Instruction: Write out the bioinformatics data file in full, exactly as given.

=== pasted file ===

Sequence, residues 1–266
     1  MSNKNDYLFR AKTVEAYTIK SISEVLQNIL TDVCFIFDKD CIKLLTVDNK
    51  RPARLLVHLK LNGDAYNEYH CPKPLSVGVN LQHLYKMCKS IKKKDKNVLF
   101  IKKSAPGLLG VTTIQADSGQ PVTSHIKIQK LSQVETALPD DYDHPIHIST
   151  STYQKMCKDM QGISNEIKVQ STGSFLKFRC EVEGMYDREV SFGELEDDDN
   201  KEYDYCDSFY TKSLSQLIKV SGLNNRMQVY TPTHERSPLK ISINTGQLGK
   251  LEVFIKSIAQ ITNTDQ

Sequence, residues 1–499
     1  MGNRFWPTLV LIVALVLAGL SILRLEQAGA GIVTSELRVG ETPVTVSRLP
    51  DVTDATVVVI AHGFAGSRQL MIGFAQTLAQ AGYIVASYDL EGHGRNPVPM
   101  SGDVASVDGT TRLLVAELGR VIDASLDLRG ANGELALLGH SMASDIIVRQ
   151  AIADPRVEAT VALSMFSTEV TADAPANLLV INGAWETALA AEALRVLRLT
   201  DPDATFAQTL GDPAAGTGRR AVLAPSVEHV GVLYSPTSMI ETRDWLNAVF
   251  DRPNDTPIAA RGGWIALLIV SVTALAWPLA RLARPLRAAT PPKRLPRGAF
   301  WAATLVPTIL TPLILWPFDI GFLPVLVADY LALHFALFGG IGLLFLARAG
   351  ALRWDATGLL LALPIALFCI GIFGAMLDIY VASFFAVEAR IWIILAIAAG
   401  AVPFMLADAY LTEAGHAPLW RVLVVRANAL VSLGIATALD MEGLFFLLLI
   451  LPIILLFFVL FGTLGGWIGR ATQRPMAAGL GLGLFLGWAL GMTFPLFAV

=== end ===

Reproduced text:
Sequence, residues 1–266
     1  MSNKNDYLFR AKTVEAYTIK SISEVLQNIL TDVCFIFDKD CIKLLTVDNK
    51  RPARLLVHLK LNGDAYNEYH CPKPLSVGVN LQHLYKMCKS IKKKDKNVLF
   101  IKKSAPGLLG VTTIQADSGQ PVTSHIKIQK LSQVETALPD DYDHPIHIST
   151  STYQKMCKDM QGISNEIKVQ STGSFLKFRC EVEGMYDREV SFGELEDDDN
   201  KEYDYCDSFY TKSLSQLIKV SGLNNRMQVY TPTHERSPLK ISINTGQLGK
   251  LEVFIKSIAQ ITNTDQ

Sequence, residues 1–499
     1  MGNRFWPTLV LIVALVLAGL SILRLEQAGA GIVTSELRVG ETPVTVSRLP
    51  DVTDATVVVI AHGFAGSRQL MIGFAQTLAQ AGYIVASYDL EGHGRNPVPM
   101  SGDVASVDGT TRLLVAELGR VIDASLDLRG ANGELALLGH SMASDIIVRQ
   151  AIADPRVEAT VALSMFSTEV TADAPANLLV INGAWETALA AEALRVLRLT
   201  DPDATFAQTL GDPAAGTGRR AVLAPSVEHV GVLYSPTSMI ETRDWLNAVF
   251  DRPNDTPIAA RGGWIALLIV SVTALAWPLA RLARPLRAAT PPKRLPRGAF
   301  WAATLVPTIL TPLILWPFDI GFLPVLVADY LALHFALFGG IGLLFLARAG
   351  ALRWDATGLL LALPIALFCI GIFGAMLDIY VASFFAVEAR IWIILAIAAG
   401  AVPFMLADAY LTEAGHAPLW RVLVVRANAL VSLGIATALD MEGLFFLLLI
   451  LPIILLFFVL FGTLGGWIGR ATQRPMAAGL GLGLFLGWAL GMTFPLFAV